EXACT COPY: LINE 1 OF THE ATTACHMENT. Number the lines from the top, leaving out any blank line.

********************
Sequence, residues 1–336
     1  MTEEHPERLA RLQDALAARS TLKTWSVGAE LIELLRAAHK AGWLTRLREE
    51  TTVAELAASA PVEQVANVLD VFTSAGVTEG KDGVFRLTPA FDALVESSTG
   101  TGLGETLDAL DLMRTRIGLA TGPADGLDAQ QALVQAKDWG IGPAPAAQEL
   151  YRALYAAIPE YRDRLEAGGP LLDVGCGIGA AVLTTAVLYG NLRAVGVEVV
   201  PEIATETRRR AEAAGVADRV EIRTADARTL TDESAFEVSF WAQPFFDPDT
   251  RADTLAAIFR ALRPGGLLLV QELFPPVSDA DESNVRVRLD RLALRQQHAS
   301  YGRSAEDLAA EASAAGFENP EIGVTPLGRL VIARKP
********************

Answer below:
Sequence, residues 1–336